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To make housing more affordable and accessible, start with better bus systems

The U.S. government recently committed $18 million in 16 states to help communities plan for housing and neighborhoods built around public transit. But that’s just a drop in the bucket — much more commitment and funding is needed

transporte en estados unidos
A commuter gets off a bus, in San Francisco, United States.Paul Chinn (Getty Images)

We all know sitting in traffic is an enormous waste of our time and money. In fact, average Americans spend more than an hour each day behind the wheel, totaling nearly 93 billion hours spent driving in a year. All of this time in the car takes a serious toll on our mental and physical health. It’s also well known that tailpipe pollution results in harmful smog that can cause major health issues like asthma and lung disease, not to mention the 4.6 tons of planet-heating gasses that a single car emits annually. Therefore, it’s no surprise that the increasingly severe weather the U.S. has seen this year can be attributed, in part, to the impacts of our fuel-burning cars.

What is often less obvious, but just as troubling, is how the past century of car- and highway-centered development has contributed to our current housing and inequality crisis. Urban sprawl has forced those with the least resources to live further from jobs and services, adding to both our traffic and housing problems. Only 15% of homes were deemed affordable to the average household in 2023. Meanwhile, car ownership can add upwards of $10,000 to a family’s cost of living; at the same time, many low-income people without a car can be significantly limited in job options.

How did we arrive at a point where so many of us spend hours sitting in cars, draining time and money and taking a toll on our health and the environment? The U.S. has a long history of underinvesting in its cities and public services, resulting in rampant urban and suburban sprawl and few transport options beyond costly personal vehicles. This legacy is further rooted in racial inequities that continue to worsen air pollution and neighborhood division, particularly in communities of color.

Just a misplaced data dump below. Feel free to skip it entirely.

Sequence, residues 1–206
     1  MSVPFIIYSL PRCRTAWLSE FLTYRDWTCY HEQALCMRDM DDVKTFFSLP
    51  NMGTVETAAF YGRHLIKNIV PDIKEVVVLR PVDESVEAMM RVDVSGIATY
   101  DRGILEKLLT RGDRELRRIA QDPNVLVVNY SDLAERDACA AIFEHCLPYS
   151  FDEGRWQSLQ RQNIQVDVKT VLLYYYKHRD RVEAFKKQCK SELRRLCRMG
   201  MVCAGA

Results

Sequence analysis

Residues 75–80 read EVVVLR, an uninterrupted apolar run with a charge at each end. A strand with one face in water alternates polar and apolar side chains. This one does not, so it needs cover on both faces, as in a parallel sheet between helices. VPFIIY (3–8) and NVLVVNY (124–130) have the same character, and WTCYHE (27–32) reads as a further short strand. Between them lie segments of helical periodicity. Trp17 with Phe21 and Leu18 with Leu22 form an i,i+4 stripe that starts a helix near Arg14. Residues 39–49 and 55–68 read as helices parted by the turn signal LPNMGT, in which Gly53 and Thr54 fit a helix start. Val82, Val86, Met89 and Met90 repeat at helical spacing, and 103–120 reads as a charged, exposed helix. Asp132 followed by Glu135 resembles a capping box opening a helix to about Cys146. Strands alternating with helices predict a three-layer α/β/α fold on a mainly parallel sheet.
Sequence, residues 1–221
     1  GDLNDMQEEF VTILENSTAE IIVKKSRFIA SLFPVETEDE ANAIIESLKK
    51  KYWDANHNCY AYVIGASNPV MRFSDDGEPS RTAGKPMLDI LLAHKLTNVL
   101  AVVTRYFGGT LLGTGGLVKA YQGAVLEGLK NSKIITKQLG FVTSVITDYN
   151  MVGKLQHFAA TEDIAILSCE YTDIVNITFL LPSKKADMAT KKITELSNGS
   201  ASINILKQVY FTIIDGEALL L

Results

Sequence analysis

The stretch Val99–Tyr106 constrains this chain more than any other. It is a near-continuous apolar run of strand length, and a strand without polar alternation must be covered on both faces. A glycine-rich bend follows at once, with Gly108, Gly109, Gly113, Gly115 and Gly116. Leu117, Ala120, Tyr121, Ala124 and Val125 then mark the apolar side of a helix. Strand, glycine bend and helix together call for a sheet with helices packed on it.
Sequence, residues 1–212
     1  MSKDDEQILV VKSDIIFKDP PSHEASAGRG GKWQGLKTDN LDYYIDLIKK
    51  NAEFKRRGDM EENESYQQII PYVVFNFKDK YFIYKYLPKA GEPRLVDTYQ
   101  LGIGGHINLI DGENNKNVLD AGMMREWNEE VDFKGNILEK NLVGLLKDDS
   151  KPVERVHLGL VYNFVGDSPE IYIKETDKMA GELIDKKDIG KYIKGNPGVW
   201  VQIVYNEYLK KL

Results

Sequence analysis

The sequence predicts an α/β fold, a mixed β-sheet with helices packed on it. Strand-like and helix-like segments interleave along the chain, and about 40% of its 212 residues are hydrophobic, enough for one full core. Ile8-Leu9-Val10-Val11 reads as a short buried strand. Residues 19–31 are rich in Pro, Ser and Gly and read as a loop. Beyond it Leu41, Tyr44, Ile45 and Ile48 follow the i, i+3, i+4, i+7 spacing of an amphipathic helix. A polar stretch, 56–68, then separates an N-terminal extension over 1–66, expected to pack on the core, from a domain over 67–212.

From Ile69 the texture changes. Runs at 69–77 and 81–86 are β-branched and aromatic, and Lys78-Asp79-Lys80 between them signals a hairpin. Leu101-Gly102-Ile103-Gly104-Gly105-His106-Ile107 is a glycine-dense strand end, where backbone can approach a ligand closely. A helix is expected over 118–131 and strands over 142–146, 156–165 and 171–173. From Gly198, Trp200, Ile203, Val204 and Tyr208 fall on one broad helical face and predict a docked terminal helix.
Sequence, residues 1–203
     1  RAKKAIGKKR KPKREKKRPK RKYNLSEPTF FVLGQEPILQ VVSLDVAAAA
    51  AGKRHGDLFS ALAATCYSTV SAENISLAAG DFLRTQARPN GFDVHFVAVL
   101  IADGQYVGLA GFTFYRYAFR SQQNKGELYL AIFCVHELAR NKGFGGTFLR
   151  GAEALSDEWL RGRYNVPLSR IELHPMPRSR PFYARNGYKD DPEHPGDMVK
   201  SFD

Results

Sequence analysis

While there’s no silver bullet to solving these deep-rooted issues, we need to start with re-imagining our relationship to transportation. The U.S. should commit to better transit systems that are easy-to-implement, cost-effective, and supportive of the kind of neighborhoods where housing is accessible to all. As the collapsing model of suburban development has shown us, a future that is more inclusive and sustainable is built on reshaping our cities into ones that are much more walkable, bikeable, and transit-friendly.

Our bus systems are one of the most essential but neglected pieces of public transit infrastructure in cities. Bus rapid transit (BRT), a type of system which operates like a metro at ground-level using buses, can carry more people faster and more reliably than cars and even conventional buses. BRT has been expanding in many places in the U.S. and certainly demands much greater attention.

Relative to other types of transit like metro rail, BRT can carry roughly the same amount of people per vehicle at significantly lower costs to build and operate. Compared to cars, BRT systems can shuttle tens of thousands of passengers an hour using the same amount of road space that would only move a few hundred if people travel by private vehicle. The fundamental features of BRT provide a bigger blueprint for improving all public transit by using elements like dedicated lanes, level-boarding for accessibility, and off-board fare collection to make services faster and simpler.